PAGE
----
Initial claims are down for the fifth week in a row

Initial claims for regular state unemployment insurance fell by 5,000 for the week ending September 10The tenth, comes in at 213,000. Last week 218,000 was revised down from the initial count of 222,000 (see first chart). Claims have fallen for five consecutive weeks and are at their lowest level since May 28The tenth But it remained just above the pre-pandemic average of 212,000 for the 15th consecutive week. When measured as a percentage of nonfarm payrolls, claims came in at 0.160 percent for August, down from 0.171 in July but still above a record low of 0.117 in March (see second chart).

The four-week average fell to 224,000, down 8,000 from the previous week. After showing an ongoing upward trend since the last low in early April, the four-week average has started to trend down again. Overall, the data still points to a tight job market. However, persistent price hikes, the Fed’s violent tightening cycle, and the fallout from Russia’s invasion of Ukraine pose risks to the economic outlook.

The number of ongoing claims for government unemployment programs reached 1.365 million for the week ending August 27The tenth, a decrease of 22533 from the previous week (see the third chart). Continuing government claims were trending higher but are now trending lower again (see third chart).

The latest results for joint federal and private programs put the total number of people claiming benefits in all unemployment programs at 1.391 million for the week ending August 27.The tenth, a decrease of 23,420 from the previous week. The latest result is the 29th week in a row below 2 million.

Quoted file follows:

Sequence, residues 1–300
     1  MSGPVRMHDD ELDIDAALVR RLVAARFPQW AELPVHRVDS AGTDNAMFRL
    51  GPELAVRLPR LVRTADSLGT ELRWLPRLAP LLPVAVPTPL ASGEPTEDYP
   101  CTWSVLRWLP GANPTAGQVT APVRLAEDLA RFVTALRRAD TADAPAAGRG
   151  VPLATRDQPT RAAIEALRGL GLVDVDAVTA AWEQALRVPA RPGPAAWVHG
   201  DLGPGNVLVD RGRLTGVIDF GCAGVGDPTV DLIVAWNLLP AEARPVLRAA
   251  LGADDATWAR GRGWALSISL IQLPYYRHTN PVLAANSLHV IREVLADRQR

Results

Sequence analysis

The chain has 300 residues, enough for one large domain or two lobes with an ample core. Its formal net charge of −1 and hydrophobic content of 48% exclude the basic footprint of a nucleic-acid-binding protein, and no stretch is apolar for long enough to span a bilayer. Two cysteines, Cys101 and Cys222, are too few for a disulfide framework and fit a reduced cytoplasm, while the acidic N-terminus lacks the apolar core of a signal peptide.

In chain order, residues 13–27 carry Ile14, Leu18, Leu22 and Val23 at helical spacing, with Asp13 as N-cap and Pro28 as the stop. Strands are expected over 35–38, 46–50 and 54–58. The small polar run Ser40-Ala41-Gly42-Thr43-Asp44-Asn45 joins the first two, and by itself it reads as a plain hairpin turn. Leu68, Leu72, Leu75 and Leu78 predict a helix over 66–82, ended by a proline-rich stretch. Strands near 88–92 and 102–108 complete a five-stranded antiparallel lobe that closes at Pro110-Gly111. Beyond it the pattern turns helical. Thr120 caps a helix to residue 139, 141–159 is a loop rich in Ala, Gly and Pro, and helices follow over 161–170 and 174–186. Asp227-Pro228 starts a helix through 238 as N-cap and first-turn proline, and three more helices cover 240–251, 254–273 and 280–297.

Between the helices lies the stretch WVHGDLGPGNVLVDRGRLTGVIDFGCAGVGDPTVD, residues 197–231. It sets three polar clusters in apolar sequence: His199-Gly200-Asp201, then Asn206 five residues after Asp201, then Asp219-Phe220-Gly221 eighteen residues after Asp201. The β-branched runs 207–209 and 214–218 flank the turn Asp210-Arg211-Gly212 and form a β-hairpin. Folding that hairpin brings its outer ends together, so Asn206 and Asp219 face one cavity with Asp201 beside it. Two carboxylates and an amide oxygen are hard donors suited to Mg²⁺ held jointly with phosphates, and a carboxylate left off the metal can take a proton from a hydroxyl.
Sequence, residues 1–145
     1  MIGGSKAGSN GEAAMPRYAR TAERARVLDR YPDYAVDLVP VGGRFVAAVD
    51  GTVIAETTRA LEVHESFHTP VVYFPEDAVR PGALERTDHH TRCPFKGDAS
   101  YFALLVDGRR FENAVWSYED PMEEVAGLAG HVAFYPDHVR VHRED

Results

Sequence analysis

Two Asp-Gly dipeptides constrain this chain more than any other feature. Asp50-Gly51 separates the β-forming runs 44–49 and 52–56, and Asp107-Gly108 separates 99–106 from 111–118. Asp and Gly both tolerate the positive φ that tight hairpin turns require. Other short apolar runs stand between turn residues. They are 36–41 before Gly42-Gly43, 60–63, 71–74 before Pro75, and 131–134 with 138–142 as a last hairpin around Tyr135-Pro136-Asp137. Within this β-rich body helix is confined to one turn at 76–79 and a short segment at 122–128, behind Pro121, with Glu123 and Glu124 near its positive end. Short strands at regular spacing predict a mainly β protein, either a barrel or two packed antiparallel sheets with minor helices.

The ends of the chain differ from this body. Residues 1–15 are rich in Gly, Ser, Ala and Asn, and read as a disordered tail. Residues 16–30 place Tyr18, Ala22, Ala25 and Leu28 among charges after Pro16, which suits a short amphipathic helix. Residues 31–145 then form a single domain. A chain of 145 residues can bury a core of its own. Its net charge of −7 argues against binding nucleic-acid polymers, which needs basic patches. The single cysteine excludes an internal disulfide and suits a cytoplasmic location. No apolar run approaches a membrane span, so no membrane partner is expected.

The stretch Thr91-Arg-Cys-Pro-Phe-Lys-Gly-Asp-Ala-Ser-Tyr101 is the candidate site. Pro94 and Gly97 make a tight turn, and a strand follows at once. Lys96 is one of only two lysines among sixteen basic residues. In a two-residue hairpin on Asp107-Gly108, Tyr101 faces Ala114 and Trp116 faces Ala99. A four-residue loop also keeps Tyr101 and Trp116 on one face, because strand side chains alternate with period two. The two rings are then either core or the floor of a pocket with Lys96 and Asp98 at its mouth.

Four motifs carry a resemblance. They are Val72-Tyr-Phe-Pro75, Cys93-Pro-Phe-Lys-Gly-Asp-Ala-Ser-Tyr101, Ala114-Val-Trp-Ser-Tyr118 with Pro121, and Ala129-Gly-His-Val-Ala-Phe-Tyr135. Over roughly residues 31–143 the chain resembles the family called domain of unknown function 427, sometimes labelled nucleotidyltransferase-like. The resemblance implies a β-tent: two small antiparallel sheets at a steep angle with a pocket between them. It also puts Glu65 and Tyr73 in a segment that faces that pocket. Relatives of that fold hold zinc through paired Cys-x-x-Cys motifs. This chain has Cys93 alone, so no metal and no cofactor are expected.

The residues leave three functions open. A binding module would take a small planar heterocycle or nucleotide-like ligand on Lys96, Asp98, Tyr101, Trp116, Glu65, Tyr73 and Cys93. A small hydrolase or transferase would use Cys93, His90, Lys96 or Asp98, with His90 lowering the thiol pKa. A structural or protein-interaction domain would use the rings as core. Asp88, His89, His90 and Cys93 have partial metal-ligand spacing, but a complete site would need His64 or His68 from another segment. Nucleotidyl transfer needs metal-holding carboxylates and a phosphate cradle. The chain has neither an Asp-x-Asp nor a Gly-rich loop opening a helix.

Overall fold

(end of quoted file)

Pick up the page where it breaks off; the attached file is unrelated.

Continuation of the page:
While the overall low level of claims combined with the large number of open jobs indicates that the labor market remains strong, both metrics have recently shown some periods of weakness. A tight labor market is an important component of the economy, providing support for consumer spending. However, persistently high rates of prices do affect the attitudes of consumers, and if consumers lose confidence in the labor market, they may significantly reduce spending. The prospects remain highly uncertain.

Robert Hughes

Bob Hughes

Robert Hughes joined AIER in 2013 after more than 25 years researching financial and economic markets on Wall Street. Previously, Bob was Head of Global Equity Strategy for Brown Brothers Harriman, where he developed an equity investment strategy that combines top-down macro analysis with upward fundamentals.

Prior to BBH, Bob was Chief Equity Analyst at State Street Global Markets, Chief Economist at Prudential Equity Group and Chief Economist and Financial Markets Analyst at Citicorp Investment Services. Bob holds an MA in Economics from Fordham University and a BA in Business Administration from Lehigh University.

Get notified of new articles from Robert Hughes and AIER.

Related Posts

Leave a Reply

Your email address will not be published.